Advice: Restaurants

Do you have any advice on how to get a restaurant gig?

I personally have only done a few restaurants, but the ones I did work, I did for years. I began with a small local restaurant and basically went in for dinner one evening. The next time I visited I waited to eat until late in the evening so it wouldn’t be so busy. After my meal I asked to speak to the Manager. When the Manager approached I thanked him for a wonderful evening and complimented his food and service. I gave him my business card and left. The following day I called in the mid-afternoon, following his busy lunch and well before the evening rush. I reminded him of our meeting the evening before and told him I had an idea that might be great for the both of us and asked if he had time to meet me the following day around this time.

When we met I told him a little about my magic and how I believed it could enhance his restaurant and create the illusion of faster service by making people forget about the time. I showed him a few quick effects and offered him a deal. Oh what a deal.

I told manager I would come on one of his busy nights and do two full hours for the price of a dinner for two on another evening and a meal on the show night, following my work. I also explained to him this was a one time offer to give him the opportunity to see how this added value would enhance his patrons dining experience.

The night was a resounding success. I kept a few simple things in mind. I was not the reason they came to the restaurant, I should only approach tables after their orders were taken, I should not over stay my welcome at any given table and the most important rule, I would not take tips. Tips are funds given to servers To Insure Prompt Service. I’m not a server and to take their tips would only make me look less in the eyes of the patrons and especially the servers who rely on those tips to make a living. Many will disagree with me on this particular rule, but it has served me well. I can easily recall dozens of times I thanked a patron for their offer of a tip, but declined it as the management paid me a very high wage to entertain them and in fact if they really wanted to say thanks, they could add those funds to the servers tip as they work far harder than I ever would. The first time a server heard me refuse the tip they quietly took me aside to say thanks. Later that evening when the staff were having coffee that same server told the Manager, I was the best thing to walk through the doors of their restaurant in years!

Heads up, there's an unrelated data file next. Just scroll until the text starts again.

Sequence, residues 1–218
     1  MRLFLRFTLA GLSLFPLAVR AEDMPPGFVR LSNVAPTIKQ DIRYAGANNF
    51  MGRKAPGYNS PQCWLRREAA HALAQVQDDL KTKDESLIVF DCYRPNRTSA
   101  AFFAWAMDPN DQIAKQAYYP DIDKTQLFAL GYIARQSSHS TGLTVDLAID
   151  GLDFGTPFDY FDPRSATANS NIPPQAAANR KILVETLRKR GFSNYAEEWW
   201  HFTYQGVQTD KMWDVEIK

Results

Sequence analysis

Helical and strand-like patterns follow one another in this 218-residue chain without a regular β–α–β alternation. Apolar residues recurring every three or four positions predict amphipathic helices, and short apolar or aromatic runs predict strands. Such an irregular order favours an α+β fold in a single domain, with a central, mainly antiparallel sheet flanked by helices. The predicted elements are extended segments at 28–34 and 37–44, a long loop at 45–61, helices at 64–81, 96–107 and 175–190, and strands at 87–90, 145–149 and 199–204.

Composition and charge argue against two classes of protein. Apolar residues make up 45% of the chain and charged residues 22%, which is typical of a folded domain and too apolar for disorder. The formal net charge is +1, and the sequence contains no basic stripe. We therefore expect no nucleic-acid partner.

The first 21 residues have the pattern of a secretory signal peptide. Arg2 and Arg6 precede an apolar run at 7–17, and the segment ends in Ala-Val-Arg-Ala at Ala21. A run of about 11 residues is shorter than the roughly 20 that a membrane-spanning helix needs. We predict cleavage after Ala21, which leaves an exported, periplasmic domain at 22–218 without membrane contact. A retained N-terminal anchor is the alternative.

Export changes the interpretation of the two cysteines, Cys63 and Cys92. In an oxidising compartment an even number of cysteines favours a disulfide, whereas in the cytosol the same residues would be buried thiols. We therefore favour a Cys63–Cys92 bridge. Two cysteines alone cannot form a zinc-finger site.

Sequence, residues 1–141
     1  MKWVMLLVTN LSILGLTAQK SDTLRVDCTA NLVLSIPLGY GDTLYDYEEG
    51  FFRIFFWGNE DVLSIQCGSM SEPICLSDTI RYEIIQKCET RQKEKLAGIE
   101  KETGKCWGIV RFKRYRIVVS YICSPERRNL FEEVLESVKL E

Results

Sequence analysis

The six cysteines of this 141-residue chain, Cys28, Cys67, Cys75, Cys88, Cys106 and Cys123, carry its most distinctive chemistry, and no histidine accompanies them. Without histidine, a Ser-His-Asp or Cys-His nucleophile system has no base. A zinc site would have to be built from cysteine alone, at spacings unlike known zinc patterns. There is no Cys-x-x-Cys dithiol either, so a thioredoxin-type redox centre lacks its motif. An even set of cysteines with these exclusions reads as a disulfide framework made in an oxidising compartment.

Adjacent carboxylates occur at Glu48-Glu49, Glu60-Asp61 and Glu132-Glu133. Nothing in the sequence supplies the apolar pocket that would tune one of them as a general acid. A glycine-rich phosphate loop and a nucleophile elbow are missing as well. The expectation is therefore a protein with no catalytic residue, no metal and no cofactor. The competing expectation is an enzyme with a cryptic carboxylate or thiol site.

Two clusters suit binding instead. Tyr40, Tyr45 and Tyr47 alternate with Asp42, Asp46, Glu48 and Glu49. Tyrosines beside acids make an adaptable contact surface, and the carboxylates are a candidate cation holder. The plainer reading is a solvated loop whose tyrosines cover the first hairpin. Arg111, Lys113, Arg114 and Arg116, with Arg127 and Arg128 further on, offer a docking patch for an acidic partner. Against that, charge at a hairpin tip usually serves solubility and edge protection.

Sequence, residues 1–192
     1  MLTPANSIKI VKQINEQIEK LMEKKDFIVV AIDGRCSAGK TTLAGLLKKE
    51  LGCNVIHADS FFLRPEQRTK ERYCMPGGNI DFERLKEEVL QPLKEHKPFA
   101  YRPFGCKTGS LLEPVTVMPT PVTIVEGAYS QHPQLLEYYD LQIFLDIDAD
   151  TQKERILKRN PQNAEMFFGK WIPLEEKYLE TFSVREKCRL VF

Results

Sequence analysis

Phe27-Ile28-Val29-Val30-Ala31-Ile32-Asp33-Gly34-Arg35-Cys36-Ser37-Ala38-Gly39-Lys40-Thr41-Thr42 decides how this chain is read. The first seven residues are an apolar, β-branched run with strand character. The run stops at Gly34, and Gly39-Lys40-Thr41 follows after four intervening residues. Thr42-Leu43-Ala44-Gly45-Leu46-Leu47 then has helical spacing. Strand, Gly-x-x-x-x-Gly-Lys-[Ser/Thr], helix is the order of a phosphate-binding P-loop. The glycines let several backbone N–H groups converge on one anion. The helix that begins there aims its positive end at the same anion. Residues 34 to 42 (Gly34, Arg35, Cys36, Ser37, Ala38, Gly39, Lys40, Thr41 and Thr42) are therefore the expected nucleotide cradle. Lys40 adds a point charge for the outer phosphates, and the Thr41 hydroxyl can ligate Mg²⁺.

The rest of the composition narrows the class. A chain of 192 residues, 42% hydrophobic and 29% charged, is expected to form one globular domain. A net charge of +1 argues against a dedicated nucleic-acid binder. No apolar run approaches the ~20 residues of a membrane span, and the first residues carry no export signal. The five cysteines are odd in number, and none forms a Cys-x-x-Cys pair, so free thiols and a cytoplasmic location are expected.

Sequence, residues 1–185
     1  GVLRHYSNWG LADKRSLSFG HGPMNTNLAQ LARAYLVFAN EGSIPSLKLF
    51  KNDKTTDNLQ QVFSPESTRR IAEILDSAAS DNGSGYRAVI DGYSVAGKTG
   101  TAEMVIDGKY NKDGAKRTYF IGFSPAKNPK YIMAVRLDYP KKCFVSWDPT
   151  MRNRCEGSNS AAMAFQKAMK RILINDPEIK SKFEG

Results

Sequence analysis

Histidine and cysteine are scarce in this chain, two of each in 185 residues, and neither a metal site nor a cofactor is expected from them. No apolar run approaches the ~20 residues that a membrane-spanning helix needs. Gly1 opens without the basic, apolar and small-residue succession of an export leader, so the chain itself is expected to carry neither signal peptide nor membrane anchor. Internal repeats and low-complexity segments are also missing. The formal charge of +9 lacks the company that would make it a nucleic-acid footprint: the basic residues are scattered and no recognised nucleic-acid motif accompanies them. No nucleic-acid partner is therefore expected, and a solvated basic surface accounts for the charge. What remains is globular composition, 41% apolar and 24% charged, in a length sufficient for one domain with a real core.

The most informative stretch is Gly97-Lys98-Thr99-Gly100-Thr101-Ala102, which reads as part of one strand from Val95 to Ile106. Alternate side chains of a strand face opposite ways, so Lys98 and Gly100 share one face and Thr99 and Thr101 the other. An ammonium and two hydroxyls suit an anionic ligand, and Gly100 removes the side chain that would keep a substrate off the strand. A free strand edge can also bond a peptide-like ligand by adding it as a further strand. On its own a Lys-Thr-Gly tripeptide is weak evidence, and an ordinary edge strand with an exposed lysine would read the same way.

I made friends with the servers and we worked together to make sure I was at the right place at the right time. I visited table shortly after their orders were taken and was gone just before the appetizers were served. To the patron it seemed like they had just sat down. I did effects that left them scratching their heads and opened a whole new dialogue of conversation for the tables guests.

After the initial audition night I sat down with the Manager and we discussed money. I didn’t want to be in the restaurant for more than a couple of hours an evening. I also only wanted to be there a couple of nights a week. In the end we agreed on a fee of $100 an hour and a certificate for a dinner for every four hours worked. It was the perfect arrangement.

I had selected my restaurant very carefully. I picked one that I liked that was close to my home and had a clientele that would likely host private parties where my services could be used. I also wanted to do bigger shows and for that I knew I needed an agent. To convince an agent to book me over other performers was going to take a little coaxing and what better a way to influence someone than over a free dinner or two at a restaurant that already loved my work and where I could get free meals!


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